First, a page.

As international climate change negotiators confer in Cancún over the next ten days, a sweeping new global agreement won't be on the table. The groundwork has not been laid for that. Instead they may start to pivot toward a new strategy of gradualism, and that would be a step in the right direction.
Participants in the UN talks, just as in the U.S. Congress, have shied away from comprehensive action on climate change, and the recent elections have left the Obama administration with little ability to advocate for a bolder approach. And yet national and state governments are steadily showing the way forward -- with steps toward a clean energy economy that will cut greenhouse gas emissions.
Embracing such a "building block" strategy -- with steps that make sense in their own right and reduce the rate at which the world is pumping heat-trapping gases into the atmosphere -- can build confidence in the efficacy and attractiveness of action while increasing the momentum behind a greener energy economy.
For better or worse, this is a game in which the United States is now a laggard, not a leader. Most notably, China is setting the pace on energy efficiency -- with a 20 percent improvement over the past five years and a commitment to continue those gains -- and on renewable energy, in which it reportedly plans to invest $738 billion over the next 10 years to establish clear global leadership in the field.
China is far from alone in this. The other BASIC countries -- Brazil, South Africa, and India - as well as Korea, Japan, and the European Union, all have taken impressive steps in the same direction. In the United States, the states have led even as Congress has failed to act. In November California voters overwhelmingly rejected the oil industry's attempt to overturn the state's comprehensive global warming legislation.
The way forward in Cancún is to build on these gains and encourage others to follow suit. Investments in energy efficiency are cost-effective for every country in the world. Increased use of renewable energy is particularly attractive in developing countries where the electricity grid is absent or unreliable and where high-cost imported oil is often the fuel source.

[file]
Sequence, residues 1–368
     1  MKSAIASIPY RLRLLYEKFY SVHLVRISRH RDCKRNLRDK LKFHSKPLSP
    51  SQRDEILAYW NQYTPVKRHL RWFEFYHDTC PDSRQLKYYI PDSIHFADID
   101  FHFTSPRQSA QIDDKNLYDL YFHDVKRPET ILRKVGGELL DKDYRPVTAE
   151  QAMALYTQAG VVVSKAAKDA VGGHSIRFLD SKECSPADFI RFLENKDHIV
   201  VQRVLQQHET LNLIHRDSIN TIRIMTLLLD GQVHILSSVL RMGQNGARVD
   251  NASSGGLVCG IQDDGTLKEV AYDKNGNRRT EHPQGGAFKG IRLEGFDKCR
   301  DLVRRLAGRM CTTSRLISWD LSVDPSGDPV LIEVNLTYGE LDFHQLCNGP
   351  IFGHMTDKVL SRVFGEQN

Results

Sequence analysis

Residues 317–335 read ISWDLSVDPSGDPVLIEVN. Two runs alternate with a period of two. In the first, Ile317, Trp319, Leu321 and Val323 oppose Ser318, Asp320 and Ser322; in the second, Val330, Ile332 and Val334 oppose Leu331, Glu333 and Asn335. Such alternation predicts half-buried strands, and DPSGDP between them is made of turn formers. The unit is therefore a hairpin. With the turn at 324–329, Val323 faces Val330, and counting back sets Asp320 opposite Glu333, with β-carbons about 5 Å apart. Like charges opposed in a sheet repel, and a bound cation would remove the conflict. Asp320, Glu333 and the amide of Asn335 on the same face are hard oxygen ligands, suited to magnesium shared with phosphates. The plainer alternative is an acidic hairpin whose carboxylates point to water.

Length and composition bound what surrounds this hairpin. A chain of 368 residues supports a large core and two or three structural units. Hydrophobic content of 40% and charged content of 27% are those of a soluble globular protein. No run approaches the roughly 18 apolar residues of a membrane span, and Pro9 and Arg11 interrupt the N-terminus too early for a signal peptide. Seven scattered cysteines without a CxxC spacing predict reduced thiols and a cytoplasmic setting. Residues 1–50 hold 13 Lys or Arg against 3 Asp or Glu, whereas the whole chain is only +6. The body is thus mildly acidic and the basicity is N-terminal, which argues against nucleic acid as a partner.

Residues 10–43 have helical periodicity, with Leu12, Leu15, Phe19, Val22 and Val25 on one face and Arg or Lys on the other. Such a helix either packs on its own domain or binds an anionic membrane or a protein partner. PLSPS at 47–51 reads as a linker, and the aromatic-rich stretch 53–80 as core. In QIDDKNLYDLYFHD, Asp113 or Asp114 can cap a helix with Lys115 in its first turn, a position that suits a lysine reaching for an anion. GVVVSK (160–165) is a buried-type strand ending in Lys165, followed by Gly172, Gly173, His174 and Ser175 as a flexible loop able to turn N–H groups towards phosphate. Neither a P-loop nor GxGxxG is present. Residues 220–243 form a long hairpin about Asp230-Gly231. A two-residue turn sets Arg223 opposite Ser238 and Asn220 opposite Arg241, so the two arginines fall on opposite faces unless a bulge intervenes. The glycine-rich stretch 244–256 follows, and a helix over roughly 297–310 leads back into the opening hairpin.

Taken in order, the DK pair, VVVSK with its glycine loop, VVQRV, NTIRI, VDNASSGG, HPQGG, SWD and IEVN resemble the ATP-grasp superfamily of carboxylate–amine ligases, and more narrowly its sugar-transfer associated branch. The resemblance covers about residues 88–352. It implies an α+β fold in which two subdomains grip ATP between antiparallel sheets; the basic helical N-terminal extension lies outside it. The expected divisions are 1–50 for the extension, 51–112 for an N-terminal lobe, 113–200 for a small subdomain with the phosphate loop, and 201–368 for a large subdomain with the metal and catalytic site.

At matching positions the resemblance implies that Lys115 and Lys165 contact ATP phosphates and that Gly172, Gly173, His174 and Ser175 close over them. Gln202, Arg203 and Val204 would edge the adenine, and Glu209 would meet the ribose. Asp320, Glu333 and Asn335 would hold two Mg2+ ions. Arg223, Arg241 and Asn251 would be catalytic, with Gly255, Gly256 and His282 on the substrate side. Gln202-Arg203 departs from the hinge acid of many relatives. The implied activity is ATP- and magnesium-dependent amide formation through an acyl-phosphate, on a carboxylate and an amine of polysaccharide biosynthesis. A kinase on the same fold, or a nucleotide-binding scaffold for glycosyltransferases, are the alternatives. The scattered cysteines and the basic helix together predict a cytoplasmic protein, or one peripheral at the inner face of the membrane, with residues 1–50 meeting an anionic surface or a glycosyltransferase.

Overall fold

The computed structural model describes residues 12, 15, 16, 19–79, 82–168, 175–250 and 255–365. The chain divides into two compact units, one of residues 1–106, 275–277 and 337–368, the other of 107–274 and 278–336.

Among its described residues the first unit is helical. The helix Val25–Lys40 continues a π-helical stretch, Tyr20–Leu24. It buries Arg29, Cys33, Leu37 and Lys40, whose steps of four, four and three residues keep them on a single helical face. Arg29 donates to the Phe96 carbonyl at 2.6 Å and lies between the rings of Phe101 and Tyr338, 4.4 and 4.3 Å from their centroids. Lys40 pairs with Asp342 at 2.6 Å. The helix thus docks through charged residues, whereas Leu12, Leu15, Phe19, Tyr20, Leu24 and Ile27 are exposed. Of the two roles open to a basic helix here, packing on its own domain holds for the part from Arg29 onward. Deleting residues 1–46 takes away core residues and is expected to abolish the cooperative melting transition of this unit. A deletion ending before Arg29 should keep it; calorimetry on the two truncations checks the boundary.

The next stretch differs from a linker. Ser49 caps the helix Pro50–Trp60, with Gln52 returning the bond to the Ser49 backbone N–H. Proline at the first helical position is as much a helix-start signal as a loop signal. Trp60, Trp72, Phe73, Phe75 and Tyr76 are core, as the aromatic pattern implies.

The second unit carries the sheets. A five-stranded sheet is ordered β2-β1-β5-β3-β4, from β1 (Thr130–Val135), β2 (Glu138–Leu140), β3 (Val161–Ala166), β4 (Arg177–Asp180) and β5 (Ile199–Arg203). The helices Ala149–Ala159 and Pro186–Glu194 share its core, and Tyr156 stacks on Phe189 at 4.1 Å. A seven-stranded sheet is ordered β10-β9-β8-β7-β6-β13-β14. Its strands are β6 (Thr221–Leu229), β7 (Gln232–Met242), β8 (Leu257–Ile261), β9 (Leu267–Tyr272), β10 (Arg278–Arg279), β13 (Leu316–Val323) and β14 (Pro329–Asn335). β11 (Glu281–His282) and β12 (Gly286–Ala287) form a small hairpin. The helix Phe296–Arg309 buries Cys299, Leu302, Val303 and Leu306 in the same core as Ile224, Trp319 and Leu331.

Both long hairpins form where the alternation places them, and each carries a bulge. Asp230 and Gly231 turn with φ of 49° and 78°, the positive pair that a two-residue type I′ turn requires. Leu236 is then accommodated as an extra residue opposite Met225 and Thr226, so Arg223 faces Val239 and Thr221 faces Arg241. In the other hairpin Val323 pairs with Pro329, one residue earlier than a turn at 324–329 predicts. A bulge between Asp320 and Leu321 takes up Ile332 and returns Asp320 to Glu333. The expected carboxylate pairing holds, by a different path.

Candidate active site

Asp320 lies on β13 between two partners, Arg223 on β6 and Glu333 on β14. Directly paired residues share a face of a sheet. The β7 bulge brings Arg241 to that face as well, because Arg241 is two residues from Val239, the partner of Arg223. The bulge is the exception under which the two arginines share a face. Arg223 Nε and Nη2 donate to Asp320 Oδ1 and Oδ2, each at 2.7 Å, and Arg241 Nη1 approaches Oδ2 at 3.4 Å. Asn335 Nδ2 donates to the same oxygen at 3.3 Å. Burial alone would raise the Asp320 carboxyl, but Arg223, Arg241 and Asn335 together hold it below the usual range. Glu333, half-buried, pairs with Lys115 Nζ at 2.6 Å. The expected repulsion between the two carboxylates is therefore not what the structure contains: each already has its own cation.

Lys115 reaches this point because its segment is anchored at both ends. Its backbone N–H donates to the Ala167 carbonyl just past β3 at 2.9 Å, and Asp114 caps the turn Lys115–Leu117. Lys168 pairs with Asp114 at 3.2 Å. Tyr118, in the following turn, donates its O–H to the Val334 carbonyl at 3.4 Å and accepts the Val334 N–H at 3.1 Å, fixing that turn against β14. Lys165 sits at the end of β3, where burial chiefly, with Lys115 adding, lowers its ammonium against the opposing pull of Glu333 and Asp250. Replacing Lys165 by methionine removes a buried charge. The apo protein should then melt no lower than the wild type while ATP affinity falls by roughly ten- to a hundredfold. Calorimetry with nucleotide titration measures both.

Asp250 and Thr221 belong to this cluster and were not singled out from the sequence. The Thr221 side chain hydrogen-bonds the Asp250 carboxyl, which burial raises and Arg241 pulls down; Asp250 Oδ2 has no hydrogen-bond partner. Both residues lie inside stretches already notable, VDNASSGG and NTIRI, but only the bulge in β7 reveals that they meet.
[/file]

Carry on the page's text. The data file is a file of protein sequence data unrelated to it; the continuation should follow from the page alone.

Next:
A particularly attractive near-term focus would be on emissions of black carbon -- soot from forest burning, household cooking with wood or coal, and diesel engines. These emissions are the second largest contributor to global warming after carbon dioxide and have a much shorter lifetime in the atmosphere -- weeks, not years. Immediate action with known technologies -- preventing deforestation, using more efficient stoves and cleaner engines -- could slow the effects of climate change for a decade or more.
Previous negotiations have cued up building-block agreements -- on avoided deforestation and land use change; technology development and cooperation; and adaptation assistance for the poorest countries that are being hit the hardest by a changing climate. However, the United States has called for strict standards of "MRV" -- monitoring, reporting, and verification -- before green-lighting such deals.
MRV is needed to ensure that countries will take actions they would not do otherwise -- when they are being told to take their medicine. But a building-block strategy is good for both the countries implementing them and the rest of the world. That makes rigorous MRV desirable but not a deal-breaker.
Let's go after the low-hanging fruit now while we are building a ladder to the more difficult to reach. This will build trust among nations and confidence that the transition to a low-carbon economy is both possible and beneficial, setting the stage for a truly comprehensive agreement in South Africa next year or Brazil in 2012.
The atmospheric physics of climate change are not affected by the political maneuverings of the human species. The more heat-trapping gases we put in the air, the hotter the planet will become. Indeed, 2010 is on track to be one of the two warmest years in a steadily warming record.
The goal of the UN climate negotiations has been, and should continue to be, a global agreement to reduce emissions dramatically, decisively, and comprehensively. That will not be politically possible in Cancún. Rather than bemoan our human frailty, let us resolve to make what progress we can, when we can. The rising impacts of climate change -- on our poorest neighbors today and on our children and their children tomorrow -- demand no less.
Timothy E. Wirth is President of the United Nations Foundation and former Undersecretary of State for Global Affairs. John D. Podesta is President and CEO of the Center for American Progress and former White House Chief of Staff.